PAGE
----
Christian Group in Indonesia Promotes Dialogue to Halt Violence
Java a Particular Trouble Spot, Says Forum Secretary
| 419 hits
ROME, OCT. 8, 2002 (Zenit.org).- Indonesia has proved that dialogue can overcome interreligious hatred and violence, says the Jakarta Christian Communication Forum.
Interreligious violence has been around since Indonesia's independence in 1945. Between then and last August, 878 churches have been set on fire or attacked.
The provinces with the highest rate of fires are Western Java, the Moluccas, Eastern Java and Central Java. The burning of churches in the Moluccas is related to ethnic and religious conflicts in the province.
The religious conflict that broke out in the Molucca Islands in early 1999 has resulted in thousands of victims and forced hundreds of thousands to flee.
Given the dire situation, especially the objectives of Muslim fundamentalist groups, early in 1999 the Catholic bishops' conference and the National Council of Churches created the Jakarta Christian Communication Forum. The forum is supported by churches and denominations, including Catholics, Protestants, Salvation Army members and Orthodox.
The forum's president is Bonar Simangunsong, a Protestant. The secretary-general is Theophilus Bela, a Catholic.
Bela told ZENIT that many of the disturbances "take place very often in the overpopulated and highly urbanized main island of Java, with a high rate of unemployment and poverty."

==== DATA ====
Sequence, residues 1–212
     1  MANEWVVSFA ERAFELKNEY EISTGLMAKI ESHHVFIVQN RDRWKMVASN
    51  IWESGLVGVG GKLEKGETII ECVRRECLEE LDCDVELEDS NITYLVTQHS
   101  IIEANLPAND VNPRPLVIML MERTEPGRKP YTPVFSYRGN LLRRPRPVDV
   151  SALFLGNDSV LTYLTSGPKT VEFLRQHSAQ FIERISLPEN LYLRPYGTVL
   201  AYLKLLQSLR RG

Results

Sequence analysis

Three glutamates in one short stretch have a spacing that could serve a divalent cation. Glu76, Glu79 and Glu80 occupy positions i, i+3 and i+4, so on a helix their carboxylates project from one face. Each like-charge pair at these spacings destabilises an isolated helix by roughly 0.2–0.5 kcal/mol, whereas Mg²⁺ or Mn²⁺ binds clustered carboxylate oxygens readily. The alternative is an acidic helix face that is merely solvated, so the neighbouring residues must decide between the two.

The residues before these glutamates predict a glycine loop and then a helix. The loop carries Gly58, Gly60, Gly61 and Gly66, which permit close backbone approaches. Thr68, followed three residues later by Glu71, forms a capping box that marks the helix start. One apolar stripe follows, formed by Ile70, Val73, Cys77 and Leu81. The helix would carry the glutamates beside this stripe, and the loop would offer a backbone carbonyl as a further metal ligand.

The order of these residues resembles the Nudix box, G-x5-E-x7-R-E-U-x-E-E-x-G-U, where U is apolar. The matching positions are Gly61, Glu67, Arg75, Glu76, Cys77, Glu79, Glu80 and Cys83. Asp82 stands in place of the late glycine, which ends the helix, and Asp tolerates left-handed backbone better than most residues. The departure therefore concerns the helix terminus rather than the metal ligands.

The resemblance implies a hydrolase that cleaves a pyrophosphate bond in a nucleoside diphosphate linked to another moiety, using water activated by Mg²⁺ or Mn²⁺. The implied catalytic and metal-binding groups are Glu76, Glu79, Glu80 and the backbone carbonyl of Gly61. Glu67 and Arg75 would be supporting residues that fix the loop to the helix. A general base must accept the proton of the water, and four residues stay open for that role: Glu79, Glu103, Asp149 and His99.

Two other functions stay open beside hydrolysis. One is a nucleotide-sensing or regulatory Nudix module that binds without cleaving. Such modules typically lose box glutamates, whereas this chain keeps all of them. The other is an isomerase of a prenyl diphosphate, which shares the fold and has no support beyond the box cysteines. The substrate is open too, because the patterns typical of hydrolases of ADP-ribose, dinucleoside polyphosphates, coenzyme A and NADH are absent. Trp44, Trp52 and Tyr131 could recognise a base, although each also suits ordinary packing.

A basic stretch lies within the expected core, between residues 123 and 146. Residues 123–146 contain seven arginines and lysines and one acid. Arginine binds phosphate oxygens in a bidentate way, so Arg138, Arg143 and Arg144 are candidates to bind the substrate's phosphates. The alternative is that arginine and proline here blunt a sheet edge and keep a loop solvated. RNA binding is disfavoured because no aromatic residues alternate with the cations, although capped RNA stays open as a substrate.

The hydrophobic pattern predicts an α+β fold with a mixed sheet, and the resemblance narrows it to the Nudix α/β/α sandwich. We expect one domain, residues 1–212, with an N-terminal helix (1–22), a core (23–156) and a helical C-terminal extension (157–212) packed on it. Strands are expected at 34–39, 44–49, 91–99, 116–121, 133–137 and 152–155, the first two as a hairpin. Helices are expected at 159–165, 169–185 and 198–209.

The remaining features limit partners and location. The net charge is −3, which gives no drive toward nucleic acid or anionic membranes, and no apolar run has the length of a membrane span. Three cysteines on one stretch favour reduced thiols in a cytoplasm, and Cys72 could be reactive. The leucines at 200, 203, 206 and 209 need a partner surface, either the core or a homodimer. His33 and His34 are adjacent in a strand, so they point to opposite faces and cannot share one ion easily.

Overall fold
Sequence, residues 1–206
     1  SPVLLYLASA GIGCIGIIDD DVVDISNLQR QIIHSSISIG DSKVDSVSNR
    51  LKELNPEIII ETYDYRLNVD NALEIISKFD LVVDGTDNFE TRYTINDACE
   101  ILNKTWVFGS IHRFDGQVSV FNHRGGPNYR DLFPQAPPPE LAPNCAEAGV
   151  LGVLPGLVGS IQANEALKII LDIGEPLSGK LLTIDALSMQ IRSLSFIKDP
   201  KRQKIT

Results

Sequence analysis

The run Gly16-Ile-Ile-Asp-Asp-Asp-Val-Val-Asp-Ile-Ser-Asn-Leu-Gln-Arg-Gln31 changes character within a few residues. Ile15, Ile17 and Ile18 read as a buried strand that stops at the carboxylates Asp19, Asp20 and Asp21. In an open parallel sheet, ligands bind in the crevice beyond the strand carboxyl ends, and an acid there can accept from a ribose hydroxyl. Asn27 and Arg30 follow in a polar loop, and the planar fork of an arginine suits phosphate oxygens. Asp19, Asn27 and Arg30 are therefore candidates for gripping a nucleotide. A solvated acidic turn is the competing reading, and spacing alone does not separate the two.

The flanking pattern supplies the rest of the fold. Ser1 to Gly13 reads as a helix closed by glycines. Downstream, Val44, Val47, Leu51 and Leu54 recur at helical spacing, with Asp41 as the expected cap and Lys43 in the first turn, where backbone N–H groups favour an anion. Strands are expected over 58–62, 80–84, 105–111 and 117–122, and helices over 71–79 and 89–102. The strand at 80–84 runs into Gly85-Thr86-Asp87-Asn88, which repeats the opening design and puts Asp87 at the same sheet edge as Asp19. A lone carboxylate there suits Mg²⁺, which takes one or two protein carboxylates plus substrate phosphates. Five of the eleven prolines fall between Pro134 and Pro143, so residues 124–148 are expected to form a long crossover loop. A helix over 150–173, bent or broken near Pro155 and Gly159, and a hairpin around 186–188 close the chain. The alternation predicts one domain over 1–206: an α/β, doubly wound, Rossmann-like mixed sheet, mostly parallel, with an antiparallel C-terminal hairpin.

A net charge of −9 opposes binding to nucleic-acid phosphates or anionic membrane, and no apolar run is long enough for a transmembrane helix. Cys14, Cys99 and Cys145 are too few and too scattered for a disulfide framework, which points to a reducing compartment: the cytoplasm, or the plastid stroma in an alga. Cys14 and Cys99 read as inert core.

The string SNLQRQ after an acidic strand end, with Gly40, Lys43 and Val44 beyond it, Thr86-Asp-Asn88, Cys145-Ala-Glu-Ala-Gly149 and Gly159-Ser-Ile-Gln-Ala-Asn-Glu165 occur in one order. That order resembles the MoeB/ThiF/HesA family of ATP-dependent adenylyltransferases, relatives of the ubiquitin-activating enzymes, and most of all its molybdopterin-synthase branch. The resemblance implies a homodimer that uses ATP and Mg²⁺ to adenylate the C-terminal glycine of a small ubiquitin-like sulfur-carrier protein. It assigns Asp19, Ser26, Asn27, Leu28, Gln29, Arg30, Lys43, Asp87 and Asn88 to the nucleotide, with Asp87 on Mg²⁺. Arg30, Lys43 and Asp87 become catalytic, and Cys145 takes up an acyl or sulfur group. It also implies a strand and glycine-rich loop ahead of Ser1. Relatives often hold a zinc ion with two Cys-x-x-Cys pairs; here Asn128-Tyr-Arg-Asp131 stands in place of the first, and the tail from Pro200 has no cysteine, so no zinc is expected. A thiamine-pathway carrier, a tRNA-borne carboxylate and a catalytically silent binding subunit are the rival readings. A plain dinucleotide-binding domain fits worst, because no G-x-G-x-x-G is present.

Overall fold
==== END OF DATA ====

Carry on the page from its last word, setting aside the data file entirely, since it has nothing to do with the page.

If a church is in trouble or a pastor is harassed, "we, from the forum, instantly send our volunteers to visit the place of the trouble," Bela said. They assess the problem and take photographs to document what happened, he added.
The incidents may be reported to the local authority, the Lord Mayor, a national Minister, or "even to the president of the country," Bela continued. If churches are threatened, the forum appeals to "the president of the municipal police of Jakarta to ask for protection," he said.
In addition to the above activities, the Christian Communication Forum fosters dialogue with Muslims.
In April 1999 Jakarta's largest mosque was bombed by terrorists. The forum visited the mosque and offered a small donation "as a sign of sincere concern and sympathy," Bela said.
As a follow-up to the meeting with the mosque's management, the forum "set up a new interfaith dialogue with members of other religious groups," he added.
Christians constitute about 10% of Indonesia's population of 212 million. In 1998, Catholics numbered 5.8 million. Muslims make up about 88% of the population, according to U.S. government figures.